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Beto O’Rourke acknowledges ‘privileges’ afforded to him because of race and gender

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By Ben Kamisar

WASHINGTON — Former Rep. Beto O’Rourke said that he’s been afforded “privileges” in his life because of his race and gender but insisted that his presidential bid can be used as a way to level the playing field for all Americans.

“As a white man who has had privileges that others could not depend on, or take for granted, I’ve clearly had advantages over the course of my life,” O’Rourke told “Meet the Press” moderator Chuck Todd during a campaign swing through Iowa on Saturday.

“I think recognizing that and understanding that others have not — doing everything I can to ensure that there is opportunity and the possibility for advancement and advantage for everyone — is a big part of this campaign and a big part of the people who comprise this campaign.”

O’Rourke, a Democrat from Texas, addressed the question in light of some criticism that he has benefited from a double standard in the early days of campaigning, given the large amount of attention his entry into the crowded field has received.

The former congressman went on to praise his fellow Democratic presidential hopefuls as part of the “best field that we’ve ever seen in the nominating process,” calling the “diversity of background, and experience, expertise” a key asset for Democrats.

But he also pointed to his own experience as proof that he can stand out among a field that includes politicians with far more experience.

“I also happen to be the only candidate from the United States-Mexico border at a time that that dominates so much of our national conversation and legislative efforts and the things that the president talks about. There’s one candidate who’s there who can talk about the profoundly positive impact that immigrants have had on our safety and our security, as well as our success and our strength,” he said.

And he said his narrow loss in last year’s senate race in Texas offers evidence that he can broaden the presidential playing field for Democrats.

“I ran for statewide office in what was thought to be a red state, and that state is now in play by most people’s estimation,” he said. “So there are some things, perhaps, that, you know, will be different about this candidacy, from the candidacy of others.”

While O’Rourke is the only candidate who grew up along the southern border, other candidates have made immigration a central plank of their candidacies.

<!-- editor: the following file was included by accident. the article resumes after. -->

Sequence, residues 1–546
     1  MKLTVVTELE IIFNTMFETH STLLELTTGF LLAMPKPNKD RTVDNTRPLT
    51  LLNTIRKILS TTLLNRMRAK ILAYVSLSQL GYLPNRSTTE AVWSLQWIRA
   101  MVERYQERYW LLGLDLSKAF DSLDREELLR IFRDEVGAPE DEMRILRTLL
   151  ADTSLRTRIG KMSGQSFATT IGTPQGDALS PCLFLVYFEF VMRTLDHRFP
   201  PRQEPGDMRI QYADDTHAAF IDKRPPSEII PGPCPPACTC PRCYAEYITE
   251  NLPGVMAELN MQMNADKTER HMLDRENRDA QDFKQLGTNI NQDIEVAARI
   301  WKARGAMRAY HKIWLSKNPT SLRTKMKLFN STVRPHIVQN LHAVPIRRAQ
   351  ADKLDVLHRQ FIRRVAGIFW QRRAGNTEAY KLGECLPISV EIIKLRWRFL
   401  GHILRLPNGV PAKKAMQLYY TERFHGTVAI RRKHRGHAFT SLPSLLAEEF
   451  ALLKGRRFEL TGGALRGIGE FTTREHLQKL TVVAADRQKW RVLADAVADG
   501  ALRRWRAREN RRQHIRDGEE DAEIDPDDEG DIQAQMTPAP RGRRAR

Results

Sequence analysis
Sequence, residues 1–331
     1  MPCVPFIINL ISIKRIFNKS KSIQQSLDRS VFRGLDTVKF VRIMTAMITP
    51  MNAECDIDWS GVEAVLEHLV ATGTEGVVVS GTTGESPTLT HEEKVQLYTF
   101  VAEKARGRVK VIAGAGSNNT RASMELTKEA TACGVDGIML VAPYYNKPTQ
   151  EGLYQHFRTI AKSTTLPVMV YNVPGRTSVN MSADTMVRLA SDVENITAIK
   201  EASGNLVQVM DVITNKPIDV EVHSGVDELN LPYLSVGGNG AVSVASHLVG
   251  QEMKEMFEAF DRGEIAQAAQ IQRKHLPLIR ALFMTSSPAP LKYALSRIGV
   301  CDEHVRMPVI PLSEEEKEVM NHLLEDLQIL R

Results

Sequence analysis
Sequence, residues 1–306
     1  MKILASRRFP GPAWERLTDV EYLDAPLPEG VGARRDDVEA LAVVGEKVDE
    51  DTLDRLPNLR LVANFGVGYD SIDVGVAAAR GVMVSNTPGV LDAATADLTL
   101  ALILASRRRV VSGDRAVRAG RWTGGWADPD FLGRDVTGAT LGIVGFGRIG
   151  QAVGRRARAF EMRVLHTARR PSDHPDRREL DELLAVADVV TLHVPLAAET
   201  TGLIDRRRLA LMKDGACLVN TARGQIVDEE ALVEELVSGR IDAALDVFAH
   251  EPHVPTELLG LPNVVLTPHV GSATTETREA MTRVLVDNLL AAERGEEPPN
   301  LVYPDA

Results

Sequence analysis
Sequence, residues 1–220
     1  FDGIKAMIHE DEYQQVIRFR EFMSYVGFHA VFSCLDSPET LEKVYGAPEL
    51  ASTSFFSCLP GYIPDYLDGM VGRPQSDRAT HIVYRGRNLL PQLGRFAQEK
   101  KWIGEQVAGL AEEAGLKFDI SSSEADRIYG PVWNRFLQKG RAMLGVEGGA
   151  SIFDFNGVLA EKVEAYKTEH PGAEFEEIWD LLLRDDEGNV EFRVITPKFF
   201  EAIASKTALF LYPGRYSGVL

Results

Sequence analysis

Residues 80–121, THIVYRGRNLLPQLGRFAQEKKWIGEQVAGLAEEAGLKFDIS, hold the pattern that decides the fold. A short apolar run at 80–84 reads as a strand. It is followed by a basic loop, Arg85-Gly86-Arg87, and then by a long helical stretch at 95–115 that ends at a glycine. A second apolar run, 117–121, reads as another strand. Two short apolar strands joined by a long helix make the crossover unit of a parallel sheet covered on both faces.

Julián Castro, who served as mayor of San Antonio, Texas, regularly evokes his grandmother’s story of emigrating from Mexico as an orphan as both a foundational part of his background and also to inform his views on immigration policy.

O’Rourke announced his presidential bid in earnest last Thursday, although he had been teasing the possibility of running for months.

He burst on the national scene after running a stronger than expected challenge to Texas Republican Sen. Ted Cruz in 2018, shattering fundraising records and quickly building a brand among Democrats.

And while he swore off the prospect of running for president just days before Election Day in 2018, he quickly made it clear he was open to running just weeks after.

Issues revolving around race, gender and double standards have been key topics facing Democratic candidates among the historically diverse field of candidates.

One debate has been over the question of government reparations to the families descended from slaves.

O’Rourke was asked about his stance on reparations during a house party in Iowa, where he spoke about the importance of addressing systemic racism but didn’t endorse a specific plan.

Minnesota Democratic Sen. Amy Klobuchar, who is also running for president, addressed the question during a Saturday interview with “Meet the Press” also from her campaign swing through Iowa.

“I believe we have to invest in those communities that has been so hurt by racism. It doesn’t have to be a direct pay for each person,” she said.

“But what we can do is, in those communities, acknowledge what happened. And that means better education. That means looking at for our whole economy: community college, one-year degrees, minimum wage, childcare, making sure that we have that shared dream of opportunity for all Americans.”



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Trump urges ‘bring back’ Jeanine Pirro after host pulled off air following anti-Muslim comments